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Phone: (03) 6332 9353


Contract Law – Do I Need A Witness?

In this day and age we are regularly required to sign documents. We are often asked whether signatures require a witness in order to be valid. The short answer is that most documents and contracts do not require a witness for them to be valid. However, some documents such as wills and documents that need to be registered at the titles office (normally relating to the sale or leasing of land) have specific legal requirements in relation to witnessing.

In addition, banks and other large institutions normally have their own policies about signing requirements. Accordingly, if you are unsure as to whether the document that you have been asked to sign requires a witness, you should contact the institution, branch or registry where your document will be used to determine what they require.

If the document that you are signing is a will or titles office document then you should contact your lawyer if you are unsure of the witnessing requirements.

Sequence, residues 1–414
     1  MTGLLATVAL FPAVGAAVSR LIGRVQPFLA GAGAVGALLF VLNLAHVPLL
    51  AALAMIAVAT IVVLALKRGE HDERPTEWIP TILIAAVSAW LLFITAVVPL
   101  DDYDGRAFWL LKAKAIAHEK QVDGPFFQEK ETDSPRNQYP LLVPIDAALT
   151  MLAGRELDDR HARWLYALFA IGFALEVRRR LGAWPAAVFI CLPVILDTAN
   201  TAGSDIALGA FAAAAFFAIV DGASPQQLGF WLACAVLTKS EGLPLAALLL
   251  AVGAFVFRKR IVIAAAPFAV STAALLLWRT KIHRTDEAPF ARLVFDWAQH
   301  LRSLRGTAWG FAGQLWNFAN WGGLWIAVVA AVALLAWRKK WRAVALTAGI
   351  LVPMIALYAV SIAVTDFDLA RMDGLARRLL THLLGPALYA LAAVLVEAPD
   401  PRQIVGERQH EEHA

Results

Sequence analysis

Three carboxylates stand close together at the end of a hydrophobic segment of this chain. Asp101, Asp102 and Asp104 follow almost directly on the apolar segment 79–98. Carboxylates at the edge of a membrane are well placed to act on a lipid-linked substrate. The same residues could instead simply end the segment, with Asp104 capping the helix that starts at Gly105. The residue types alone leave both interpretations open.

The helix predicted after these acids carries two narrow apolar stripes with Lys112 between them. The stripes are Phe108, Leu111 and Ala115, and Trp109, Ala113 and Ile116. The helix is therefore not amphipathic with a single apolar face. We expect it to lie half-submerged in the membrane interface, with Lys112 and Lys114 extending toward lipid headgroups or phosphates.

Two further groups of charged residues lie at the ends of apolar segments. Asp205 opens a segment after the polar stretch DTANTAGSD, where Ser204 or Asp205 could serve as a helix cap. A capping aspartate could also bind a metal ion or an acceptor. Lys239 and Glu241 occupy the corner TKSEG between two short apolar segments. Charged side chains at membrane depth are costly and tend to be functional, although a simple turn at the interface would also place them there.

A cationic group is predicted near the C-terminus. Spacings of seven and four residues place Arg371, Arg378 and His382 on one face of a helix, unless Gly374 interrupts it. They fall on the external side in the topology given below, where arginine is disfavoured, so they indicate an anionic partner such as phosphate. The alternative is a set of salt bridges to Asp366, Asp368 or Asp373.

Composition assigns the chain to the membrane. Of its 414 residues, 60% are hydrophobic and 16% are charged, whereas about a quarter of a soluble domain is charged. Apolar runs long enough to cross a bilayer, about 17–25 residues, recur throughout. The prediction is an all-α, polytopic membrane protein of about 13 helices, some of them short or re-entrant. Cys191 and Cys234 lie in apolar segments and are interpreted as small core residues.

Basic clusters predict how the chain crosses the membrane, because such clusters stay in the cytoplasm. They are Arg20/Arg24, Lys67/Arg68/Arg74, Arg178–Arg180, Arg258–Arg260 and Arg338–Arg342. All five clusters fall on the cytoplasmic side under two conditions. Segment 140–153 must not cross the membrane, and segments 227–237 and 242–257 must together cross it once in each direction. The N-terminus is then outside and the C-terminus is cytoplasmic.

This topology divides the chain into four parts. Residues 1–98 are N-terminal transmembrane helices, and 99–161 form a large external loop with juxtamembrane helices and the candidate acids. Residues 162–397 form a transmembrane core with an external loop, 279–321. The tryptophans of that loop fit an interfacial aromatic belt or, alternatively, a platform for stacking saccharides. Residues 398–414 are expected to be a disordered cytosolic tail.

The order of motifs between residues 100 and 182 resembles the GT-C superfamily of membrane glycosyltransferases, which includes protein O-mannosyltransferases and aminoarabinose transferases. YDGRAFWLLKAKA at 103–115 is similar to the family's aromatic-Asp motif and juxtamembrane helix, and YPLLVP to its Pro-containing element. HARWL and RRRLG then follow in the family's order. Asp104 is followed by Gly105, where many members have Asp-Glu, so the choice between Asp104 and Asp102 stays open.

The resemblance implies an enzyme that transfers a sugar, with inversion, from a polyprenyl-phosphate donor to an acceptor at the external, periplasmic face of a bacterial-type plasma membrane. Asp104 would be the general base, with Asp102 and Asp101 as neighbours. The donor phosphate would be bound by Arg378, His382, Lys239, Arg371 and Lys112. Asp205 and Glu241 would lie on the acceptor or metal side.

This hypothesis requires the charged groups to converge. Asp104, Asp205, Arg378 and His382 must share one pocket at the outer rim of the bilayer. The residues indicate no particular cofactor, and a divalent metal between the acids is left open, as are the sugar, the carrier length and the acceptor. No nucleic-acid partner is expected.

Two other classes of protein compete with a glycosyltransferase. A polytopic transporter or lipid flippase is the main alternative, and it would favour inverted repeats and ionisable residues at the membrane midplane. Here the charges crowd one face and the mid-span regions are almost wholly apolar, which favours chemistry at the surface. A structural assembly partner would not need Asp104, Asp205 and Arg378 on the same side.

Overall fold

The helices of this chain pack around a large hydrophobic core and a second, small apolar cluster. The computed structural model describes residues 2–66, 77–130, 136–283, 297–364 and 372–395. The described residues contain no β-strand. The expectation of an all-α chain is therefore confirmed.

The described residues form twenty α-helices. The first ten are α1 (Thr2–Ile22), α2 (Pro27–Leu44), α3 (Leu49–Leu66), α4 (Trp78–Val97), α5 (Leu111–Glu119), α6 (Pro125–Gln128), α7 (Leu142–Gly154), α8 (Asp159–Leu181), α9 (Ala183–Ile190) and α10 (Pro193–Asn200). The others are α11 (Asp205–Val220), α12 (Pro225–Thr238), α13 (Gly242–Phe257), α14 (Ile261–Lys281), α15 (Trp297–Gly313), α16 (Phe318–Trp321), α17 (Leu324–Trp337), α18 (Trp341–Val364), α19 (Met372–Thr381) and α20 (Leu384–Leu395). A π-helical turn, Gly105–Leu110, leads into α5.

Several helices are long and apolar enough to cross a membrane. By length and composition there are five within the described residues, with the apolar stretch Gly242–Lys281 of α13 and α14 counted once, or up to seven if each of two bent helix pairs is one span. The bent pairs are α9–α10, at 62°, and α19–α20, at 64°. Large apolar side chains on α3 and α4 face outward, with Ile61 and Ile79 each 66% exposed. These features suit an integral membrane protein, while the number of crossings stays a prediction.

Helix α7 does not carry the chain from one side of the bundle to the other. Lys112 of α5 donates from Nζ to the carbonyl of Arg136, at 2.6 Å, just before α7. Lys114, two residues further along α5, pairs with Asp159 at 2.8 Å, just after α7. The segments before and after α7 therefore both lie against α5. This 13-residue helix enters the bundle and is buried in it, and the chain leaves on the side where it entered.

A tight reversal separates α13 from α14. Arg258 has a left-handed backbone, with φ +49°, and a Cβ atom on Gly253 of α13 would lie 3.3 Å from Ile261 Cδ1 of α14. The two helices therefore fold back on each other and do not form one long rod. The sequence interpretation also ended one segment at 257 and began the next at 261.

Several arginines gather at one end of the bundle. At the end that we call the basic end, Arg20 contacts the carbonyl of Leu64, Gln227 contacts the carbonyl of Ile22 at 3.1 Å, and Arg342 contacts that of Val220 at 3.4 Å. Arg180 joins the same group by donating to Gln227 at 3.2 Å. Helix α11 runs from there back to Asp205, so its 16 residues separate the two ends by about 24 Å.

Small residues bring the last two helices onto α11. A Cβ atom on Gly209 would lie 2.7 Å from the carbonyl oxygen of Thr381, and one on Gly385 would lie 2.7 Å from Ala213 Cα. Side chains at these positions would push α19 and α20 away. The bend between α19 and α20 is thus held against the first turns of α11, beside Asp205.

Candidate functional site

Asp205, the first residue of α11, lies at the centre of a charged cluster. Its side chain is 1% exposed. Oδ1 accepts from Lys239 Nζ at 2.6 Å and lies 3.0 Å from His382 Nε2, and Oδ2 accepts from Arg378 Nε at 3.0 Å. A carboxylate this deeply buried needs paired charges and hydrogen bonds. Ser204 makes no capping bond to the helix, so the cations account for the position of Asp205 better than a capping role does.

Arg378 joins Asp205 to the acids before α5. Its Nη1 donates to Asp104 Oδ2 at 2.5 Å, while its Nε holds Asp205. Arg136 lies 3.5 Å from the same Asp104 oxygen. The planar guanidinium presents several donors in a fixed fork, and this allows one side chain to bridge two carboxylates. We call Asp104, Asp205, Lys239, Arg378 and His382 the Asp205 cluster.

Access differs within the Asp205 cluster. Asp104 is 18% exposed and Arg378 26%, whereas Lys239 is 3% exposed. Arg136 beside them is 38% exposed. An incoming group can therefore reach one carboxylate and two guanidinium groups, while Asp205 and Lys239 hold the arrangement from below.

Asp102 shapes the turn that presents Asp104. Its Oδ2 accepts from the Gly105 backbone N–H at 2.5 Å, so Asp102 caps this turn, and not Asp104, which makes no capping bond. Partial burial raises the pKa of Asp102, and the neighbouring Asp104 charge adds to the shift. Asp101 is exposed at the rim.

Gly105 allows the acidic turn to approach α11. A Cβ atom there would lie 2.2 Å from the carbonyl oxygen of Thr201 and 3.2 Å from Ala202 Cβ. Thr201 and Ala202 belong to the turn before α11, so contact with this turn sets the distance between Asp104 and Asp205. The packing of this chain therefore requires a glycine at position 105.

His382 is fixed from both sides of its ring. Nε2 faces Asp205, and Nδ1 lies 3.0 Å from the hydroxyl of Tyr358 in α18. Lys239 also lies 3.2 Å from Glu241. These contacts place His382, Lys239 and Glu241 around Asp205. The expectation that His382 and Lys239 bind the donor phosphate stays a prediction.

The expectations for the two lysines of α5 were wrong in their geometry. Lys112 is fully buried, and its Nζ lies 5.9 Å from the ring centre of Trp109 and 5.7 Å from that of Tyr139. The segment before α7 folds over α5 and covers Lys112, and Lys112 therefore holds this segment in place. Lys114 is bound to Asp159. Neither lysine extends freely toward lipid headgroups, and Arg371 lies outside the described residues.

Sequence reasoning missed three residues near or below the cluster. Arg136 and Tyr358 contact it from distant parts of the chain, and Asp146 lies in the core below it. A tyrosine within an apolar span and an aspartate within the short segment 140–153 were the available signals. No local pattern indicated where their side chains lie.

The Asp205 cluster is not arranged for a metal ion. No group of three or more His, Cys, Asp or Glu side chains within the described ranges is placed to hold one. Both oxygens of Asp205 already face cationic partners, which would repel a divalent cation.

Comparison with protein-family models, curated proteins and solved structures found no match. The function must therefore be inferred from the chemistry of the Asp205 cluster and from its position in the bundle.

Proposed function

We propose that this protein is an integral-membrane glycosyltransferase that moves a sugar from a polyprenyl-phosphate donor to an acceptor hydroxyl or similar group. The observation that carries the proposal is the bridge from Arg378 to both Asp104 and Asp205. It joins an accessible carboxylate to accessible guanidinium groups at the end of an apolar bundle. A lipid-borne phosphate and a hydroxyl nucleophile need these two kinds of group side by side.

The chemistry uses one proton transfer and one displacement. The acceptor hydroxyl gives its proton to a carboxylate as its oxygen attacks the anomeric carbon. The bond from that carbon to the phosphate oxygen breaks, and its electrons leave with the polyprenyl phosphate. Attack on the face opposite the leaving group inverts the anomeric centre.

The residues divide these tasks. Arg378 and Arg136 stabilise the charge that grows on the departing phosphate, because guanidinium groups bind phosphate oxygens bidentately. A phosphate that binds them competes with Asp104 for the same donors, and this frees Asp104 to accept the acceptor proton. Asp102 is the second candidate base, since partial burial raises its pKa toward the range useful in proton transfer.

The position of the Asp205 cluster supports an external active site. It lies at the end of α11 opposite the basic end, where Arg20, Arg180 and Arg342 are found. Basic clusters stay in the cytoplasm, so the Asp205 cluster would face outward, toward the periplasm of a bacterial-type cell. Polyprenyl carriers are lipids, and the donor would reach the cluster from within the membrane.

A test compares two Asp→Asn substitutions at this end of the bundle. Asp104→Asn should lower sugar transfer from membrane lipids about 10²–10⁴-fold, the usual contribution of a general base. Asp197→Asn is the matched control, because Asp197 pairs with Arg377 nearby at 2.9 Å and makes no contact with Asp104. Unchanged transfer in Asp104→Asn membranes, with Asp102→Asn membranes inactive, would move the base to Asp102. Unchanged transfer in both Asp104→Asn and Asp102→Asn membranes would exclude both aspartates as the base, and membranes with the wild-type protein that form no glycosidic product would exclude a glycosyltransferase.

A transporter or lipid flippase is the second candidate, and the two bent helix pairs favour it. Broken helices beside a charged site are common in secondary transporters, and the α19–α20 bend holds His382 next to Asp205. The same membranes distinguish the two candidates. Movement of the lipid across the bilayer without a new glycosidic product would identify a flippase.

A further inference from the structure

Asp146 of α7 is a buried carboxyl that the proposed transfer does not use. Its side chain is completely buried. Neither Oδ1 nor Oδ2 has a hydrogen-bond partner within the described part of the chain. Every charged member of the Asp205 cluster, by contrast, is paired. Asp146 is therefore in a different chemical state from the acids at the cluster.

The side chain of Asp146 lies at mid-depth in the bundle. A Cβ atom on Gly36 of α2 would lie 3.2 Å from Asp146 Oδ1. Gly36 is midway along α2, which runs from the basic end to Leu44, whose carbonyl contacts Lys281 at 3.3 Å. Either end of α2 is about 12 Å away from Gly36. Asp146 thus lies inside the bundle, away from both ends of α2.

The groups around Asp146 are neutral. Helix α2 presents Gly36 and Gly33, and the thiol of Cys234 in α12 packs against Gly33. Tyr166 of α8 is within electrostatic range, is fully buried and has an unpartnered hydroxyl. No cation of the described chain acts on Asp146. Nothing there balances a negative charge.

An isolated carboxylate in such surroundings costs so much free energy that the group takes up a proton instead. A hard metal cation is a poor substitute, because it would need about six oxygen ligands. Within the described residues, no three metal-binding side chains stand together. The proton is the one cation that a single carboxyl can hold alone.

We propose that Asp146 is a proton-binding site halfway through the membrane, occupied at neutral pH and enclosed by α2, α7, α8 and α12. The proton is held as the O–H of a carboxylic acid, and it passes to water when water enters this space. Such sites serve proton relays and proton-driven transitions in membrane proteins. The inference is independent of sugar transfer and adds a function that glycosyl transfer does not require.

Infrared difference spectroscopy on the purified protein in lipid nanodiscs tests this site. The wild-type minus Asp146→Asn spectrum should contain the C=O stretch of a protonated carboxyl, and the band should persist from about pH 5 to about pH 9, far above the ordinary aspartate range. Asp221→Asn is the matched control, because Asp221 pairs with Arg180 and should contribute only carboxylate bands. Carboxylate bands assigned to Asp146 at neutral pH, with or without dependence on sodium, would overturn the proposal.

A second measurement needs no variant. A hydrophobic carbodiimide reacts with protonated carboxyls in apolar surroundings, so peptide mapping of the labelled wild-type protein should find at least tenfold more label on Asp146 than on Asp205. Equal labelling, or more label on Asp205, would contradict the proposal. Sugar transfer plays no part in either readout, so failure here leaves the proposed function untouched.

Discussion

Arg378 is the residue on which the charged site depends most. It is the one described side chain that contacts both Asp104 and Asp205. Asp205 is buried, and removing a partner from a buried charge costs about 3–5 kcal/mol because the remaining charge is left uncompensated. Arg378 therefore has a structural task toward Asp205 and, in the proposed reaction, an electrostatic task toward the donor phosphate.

Who can be a witness to a document?

The other common question that we are asked is can a family member witness your signature? Generally the person you choose to witness a document should have no financial or other interest in the document that is being signed. An independent (neutral third party) adult witness is the best person to witness your signature. An independent party is someone not related to any party to the transaction and who does not benefit from the contract.

Ideally a witness will observe the relevant party or parties signing the document and then the witness will sign the document as proof that they witnessed the parties signing. The witness is generally not required to know or understand the contents of the document.

It is also important that documents such as wills have clearly regulated requirements regarding the number of witnesses and the nature of the relationship between the parties and the witness. Most States in Australia will not allow witnesses that are mentioned in your will, either as beneficiary or executors. The witnesses must be of legal age (18) and they must be mentally capable of managing their property and making their own decisions.

If you are unsure of witnessing requirements you should contact your lawyer to point you in the right direction.

If you have any queries or require any assistance in relation to contract law, please contact us on 03 6332 9353 or use our Contact Us form that can be found at 

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